Recipe: Summer Tomato Sauce with Thyme and Marjoram
Your goal here is to cook up a sauce of summer tomatoes that fully captures their incredible fresh taste. Believe it or not, it’s easy (chef’s always say that—doesn’t it infuriate you?). In this case it’s actually true, but first you should know a few things. You’ll want a wide skillet, and you’ll want to use high heat. The more surface area you’ve got for your tomatoes to spread out over, and the quicker you can get them heating, the sooner you’ll be able to boil away excess liquid. High heat and fast cooking will help the tomatoes retain their bright red color and true tomato flavor. That’s the trick. It’s not a trick exactly, but just something really good to know.
Plum tomatoes are a very good choice for a fresh sauce, since they give off little liquid and have concentrated flavor. That is a true Southern Italian–style sauce. But many people tell me they have trouble finding fresh plums, so I’ve devised a method for using big, juicy round tomatoes. They produce a different kind of sauce, one with lightness, bright red color, and a refreshing pure-summer flavor. You just have to coax some of the liquid out of them before you start cooking.
A blend of thyme and marjoram is my current favorite herb mix for a fresh tomato sauce. Basil, of course, is a classic, and you can go with that if you prefer, but thyme and marjoram have a depth of flavor that makes this sauce better for accompanying things you throw on the grill—eggplant, salmon, chicken, lamb—and since it has that elusive herbal mystery, it even works well with whole wheat pasta.
You can use this sauce as is on pasta or spooned over stuffed summer vegetables (I really love that), but any embellishments you’d like to include, such as capers, anchovies, bits of prosciutto, parsley, pine nuts, or basil, are easy enough. I like adding chopped black olives, fresh hot chili, a few drops of vinegar, and a handful of chopped celery leaves, and serving it cold, alongside grilled mackerel, for instance. I also love it spooned onto a hamburger.
Summer Tomato Sauce with Thyme and Marjoram
(Makes about 2 1/2 cups of sauce)
6 medium-size round summer tomatoes
Extra-virgin olive oil (the best you’ve got)
1 large shallot, minced
2 fresh summer garlic cloves, thinly sliced
10 thyme sprigs, the leaves chopped
5 marjoram sprigs, the leaves chopped
Freshly ground black pepper
Set up a large pot of water, and bring it to a boil. Drop in the tomatoes, and blanch them until you see their skins just starting to crack, about 3 minutes. Lift the tomatoes from the water with a large strainer, and run cold water over them. Now you can easily slip their skins off.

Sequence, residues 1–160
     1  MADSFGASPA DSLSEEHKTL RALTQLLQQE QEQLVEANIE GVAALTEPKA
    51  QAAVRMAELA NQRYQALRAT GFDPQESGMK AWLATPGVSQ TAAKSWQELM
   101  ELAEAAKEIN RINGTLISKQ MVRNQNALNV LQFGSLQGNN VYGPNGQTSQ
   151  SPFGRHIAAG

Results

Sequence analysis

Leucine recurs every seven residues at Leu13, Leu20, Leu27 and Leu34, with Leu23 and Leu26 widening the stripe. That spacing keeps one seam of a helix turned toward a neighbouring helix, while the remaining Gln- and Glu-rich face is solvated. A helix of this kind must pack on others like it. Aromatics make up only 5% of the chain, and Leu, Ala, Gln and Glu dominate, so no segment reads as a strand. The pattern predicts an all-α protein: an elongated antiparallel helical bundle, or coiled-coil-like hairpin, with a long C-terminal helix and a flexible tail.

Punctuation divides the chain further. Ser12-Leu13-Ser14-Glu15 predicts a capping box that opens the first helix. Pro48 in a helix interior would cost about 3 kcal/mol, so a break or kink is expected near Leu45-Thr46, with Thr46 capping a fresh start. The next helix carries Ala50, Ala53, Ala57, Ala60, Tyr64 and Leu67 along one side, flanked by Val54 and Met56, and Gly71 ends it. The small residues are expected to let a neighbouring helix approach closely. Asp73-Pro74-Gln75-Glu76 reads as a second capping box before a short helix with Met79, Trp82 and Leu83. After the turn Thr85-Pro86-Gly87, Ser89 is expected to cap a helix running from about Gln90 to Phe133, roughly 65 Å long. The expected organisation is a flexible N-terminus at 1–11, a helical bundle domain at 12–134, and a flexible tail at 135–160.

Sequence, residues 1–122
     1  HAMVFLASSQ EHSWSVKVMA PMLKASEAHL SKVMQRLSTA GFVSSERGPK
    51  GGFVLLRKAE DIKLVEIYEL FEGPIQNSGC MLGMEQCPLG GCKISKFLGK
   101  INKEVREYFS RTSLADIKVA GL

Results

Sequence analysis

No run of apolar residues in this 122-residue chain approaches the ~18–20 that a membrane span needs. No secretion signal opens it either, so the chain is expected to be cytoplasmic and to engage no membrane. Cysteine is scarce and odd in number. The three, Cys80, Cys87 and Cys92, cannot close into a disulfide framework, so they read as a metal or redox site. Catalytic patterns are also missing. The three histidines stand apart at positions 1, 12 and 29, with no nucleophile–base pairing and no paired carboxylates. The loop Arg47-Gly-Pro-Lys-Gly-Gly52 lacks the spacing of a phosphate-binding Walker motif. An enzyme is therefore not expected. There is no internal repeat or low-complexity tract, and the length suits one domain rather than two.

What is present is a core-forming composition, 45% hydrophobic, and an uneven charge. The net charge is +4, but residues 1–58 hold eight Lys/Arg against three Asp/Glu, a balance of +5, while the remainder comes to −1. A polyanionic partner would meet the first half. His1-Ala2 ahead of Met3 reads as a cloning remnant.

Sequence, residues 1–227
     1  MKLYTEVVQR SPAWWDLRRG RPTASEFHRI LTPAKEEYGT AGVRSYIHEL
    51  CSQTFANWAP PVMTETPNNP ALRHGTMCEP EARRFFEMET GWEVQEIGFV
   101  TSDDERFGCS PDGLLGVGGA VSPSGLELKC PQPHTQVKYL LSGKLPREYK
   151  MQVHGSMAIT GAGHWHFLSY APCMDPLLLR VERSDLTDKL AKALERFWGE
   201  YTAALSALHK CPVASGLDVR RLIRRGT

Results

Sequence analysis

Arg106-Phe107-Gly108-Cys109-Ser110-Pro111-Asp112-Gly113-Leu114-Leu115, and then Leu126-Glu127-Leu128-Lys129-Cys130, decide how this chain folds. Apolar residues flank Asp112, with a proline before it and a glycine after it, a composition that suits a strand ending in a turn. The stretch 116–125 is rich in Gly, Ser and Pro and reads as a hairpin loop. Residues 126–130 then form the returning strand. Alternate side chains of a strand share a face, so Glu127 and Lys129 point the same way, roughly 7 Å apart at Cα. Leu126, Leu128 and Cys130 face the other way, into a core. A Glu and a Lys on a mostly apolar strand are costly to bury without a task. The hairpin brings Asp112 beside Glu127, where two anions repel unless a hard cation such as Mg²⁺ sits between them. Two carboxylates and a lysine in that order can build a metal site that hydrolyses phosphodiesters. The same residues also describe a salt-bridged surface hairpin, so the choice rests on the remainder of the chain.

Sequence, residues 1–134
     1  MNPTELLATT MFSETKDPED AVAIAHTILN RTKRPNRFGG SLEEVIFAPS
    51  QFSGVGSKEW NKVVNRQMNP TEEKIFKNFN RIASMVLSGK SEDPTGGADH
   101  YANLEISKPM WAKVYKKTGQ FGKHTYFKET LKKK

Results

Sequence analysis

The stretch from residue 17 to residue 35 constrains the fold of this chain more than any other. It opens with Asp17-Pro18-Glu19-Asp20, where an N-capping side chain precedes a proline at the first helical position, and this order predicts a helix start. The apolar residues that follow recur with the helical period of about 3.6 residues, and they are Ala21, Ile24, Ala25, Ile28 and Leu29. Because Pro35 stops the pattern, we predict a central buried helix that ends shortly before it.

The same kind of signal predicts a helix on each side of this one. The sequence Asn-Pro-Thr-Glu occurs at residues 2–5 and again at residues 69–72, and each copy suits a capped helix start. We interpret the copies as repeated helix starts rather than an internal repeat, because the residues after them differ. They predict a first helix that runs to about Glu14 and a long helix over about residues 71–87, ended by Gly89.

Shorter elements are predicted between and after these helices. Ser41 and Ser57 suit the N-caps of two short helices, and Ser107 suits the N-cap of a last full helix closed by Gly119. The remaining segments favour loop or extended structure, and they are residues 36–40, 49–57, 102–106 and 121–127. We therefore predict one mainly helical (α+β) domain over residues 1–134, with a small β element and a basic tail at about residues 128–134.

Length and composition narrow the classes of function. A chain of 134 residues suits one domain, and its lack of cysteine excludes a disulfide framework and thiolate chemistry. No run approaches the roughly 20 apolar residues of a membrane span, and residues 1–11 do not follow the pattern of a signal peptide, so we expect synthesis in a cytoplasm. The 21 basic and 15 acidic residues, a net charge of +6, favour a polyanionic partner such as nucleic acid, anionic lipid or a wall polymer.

Cut the tomatoes in half and squeeze out the seeds. Chop them into small dice. Place the diced tomatoes in a colander over a bowl, and sprinkle them lightly with salt. Let them drain for about an hour (this is important, since these round tomatoes give off lots of juice that would dilute your sauce). Save the juice, though, just in case you want to loosen the sauce at some point. (It is possible to drain or cook off too much liquid, so a little extra is nice to have, and it’s a good way to add a little bit of purely raw tomato taste back to the sauce.)
Choose a wide skillet. This is important too. You want a lot of surface area so the liquid evaporates quickly, leaving the tomatoes thickened but not overly cooked down. Place the skillet over medium heat, and when the surface is hot add 2 tablespoons of olive oil. Add the shallot, and sauté until softened, about 3 minutes. Add the garlic and the thyme, and sauté a minute longer, just to release their fragrances (you don’t want the garlic to darken, though). Turn the heat to high, and add the tomatoes, spread them out, and cook over a lively bubble, uncovered, for about 6 or 7 minutes, stirring occasionally (stirring constantly is not necessary and might make your sauce watery by lowering the skillet temperature). When the sauce has some body and is still a bright red, it’s done. Turn off the heat. Add the marjoram, the black pepper, and about a tablespoon of fresh olive oil. Give it a stir. The sauce will be chunky (if you’d like a smoother sauce, pulse it in the food processor a few times). Taste to see if it needs salt.
You can use the sauce right away, or you can refrigerate it and hold it for up to about 4 days. Reheat it quickly, over high heat so it doesn’t lose too much freshness. And if you’re lucky enough to actually grow tomatoes and have them taking over your kitchen, double or triple the recipe and freeze it.